Family Skeletons

I unearthed an interesting fact while organizing my important papers.

In my funeral file, I came across the deed to the family plot where my paternal grandparents, my parents, and my baby brother, who died shortly after birth, are buried. My sister and I discovered the yellow, tattered document as we settled our parents’ estate sixteen years ago. She kept a copy, and I took the original. We wanted to retain the option of using the remaining space in the plot until we solidified our plans.

I also found a business card for the general manager of the cemetery. My first cousin had pressed it into my hand at her sister’s funeral in 2014.

“When we were arranging for Marion’s burial, this guy told us he is anxious to talk to someone about the other Bostwick plot. I suggest you call him right away.”

I filed the card and put it out of my mind. We had the deed to the plot. What was there to discuss?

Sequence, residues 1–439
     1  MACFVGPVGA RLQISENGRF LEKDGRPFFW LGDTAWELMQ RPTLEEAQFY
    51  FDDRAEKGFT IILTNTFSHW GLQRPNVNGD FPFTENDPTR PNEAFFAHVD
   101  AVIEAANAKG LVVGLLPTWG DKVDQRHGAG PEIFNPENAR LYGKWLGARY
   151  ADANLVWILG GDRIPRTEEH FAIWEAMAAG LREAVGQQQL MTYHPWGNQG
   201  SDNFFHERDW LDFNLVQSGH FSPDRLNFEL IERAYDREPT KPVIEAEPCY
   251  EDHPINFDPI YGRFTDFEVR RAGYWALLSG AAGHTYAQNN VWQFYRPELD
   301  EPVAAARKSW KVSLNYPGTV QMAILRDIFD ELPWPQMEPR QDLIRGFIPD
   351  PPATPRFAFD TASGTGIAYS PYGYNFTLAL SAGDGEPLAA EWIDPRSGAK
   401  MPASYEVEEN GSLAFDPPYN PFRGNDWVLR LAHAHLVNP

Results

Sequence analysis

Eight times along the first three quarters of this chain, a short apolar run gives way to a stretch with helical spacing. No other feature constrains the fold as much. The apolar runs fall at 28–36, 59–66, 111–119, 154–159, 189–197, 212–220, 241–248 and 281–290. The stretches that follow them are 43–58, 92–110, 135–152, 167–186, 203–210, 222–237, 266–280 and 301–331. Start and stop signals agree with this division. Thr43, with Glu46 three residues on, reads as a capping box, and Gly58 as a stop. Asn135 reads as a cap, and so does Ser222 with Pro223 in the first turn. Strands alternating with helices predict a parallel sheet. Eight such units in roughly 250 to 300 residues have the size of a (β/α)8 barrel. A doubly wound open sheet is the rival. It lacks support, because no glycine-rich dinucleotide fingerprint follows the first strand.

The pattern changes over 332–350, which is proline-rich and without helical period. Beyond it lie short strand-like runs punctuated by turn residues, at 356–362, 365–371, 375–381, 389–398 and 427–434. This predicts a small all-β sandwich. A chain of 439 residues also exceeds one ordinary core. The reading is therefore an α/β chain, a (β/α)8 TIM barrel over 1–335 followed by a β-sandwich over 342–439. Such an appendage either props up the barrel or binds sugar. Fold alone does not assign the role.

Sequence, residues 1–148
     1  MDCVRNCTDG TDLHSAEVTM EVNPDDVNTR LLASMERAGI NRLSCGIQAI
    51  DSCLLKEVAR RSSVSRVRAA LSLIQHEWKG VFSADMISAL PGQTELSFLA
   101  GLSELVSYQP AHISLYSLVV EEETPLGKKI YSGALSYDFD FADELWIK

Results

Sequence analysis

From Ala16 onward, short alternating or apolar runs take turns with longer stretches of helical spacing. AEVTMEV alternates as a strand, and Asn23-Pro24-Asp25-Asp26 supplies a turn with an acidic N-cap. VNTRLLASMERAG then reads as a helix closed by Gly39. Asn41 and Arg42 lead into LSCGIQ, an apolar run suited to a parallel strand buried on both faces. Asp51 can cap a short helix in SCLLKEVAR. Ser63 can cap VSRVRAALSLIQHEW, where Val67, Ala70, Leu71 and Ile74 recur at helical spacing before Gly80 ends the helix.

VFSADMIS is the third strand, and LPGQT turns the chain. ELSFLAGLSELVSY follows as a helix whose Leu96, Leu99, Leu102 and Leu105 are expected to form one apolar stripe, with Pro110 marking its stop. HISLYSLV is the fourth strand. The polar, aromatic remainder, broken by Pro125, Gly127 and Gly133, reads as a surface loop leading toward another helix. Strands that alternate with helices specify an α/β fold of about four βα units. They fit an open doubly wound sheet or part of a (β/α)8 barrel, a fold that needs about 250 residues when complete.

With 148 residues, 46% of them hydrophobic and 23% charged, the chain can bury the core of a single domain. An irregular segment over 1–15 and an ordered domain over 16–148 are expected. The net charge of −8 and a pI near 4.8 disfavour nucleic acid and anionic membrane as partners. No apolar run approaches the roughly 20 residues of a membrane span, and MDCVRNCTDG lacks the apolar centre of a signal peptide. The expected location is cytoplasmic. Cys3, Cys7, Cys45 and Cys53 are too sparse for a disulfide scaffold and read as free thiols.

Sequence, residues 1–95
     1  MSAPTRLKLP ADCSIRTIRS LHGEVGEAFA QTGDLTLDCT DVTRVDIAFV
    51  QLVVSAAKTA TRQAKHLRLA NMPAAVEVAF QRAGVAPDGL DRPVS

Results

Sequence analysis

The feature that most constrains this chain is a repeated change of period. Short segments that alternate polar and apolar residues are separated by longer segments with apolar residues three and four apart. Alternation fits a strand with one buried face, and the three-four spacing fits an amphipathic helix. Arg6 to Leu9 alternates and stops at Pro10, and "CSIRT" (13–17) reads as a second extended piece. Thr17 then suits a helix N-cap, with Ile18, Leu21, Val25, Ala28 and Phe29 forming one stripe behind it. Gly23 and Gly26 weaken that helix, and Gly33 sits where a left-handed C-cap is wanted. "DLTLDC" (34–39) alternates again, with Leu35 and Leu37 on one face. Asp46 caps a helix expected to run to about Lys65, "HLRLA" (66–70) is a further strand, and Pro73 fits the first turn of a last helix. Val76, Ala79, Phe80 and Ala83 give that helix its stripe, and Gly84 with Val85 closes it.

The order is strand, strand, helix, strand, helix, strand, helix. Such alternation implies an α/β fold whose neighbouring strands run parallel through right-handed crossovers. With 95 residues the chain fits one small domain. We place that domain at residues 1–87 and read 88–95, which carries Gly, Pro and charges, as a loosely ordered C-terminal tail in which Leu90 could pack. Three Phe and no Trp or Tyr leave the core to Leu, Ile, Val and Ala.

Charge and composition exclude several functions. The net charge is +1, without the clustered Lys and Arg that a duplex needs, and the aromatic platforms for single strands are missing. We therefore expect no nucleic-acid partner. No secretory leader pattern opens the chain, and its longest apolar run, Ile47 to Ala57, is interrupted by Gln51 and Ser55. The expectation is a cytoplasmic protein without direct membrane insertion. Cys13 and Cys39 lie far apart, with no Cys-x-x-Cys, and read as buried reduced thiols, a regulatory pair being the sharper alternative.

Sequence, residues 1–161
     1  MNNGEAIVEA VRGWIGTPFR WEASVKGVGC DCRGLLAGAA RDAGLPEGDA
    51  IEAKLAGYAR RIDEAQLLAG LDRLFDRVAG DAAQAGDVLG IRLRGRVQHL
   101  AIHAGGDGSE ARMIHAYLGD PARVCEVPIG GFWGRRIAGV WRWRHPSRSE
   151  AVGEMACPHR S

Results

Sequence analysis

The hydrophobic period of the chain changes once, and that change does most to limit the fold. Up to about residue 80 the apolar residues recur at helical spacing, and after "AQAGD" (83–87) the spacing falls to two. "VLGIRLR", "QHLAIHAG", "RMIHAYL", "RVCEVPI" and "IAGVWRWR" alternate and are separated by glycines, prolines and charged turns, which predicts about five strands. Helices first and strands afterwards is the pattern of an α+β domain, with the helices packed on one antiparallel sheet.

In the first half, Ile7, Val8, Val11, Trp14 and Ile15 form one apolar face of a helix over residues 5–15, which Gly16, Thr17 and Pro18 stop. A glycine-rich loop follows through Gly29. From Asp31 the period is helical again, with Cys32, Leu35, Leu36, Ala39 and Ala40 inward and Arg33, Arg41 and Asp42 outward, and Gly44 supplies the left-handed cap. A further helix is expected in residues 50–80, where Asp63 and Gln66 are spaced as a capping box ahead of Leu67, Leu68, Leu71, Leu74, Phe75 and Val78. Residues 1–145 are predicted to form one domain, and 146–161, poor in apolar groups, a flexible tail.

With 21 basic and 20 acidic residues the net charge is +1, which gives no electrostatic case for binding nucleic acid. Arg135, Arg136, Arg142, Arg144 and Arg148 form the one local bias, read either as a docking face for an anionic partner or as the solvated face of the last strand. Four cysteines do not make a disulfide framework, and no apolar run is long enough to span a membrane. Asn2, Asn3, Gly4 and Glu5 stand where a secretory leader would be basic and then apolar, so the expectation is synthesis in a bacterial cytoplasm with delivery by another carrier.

The other day, to cover all my bases, I phoned the number on the card to say I was leaving instructions to bury my ashes alongside my infant brother.

“I’m glad you called. Someone by the name of R.W. Bostwick bought that plot in 1943, and his name is still on the deed. He was buried there in 1946 and his wife later. We also have a headstone for your parents and an infant, but I am not sure who gave permission for them to use that plot. When your father died back in 2000, the funeral home told me his body was coming so we dug a grave. The laws around cemeteries have tightened up. I doubt if I could get away with that now.”

“R. W. Bostwick was my grandfather, Robert William. My mother told me ages ago that they didn’t have a plot when the baby died, so my grandmother sold the four remaining spaces to my father.”

“Oh, that makes sense. But a new deed was never issued in his name. And now the plot has been passed on to you and your sister.”

For a fifty dollar administration fee and the old deed, he will issue a new one in our names. We are getting right on it.

The next time someone urges me to follow up on something, I think I’ll be more inclined to listen.


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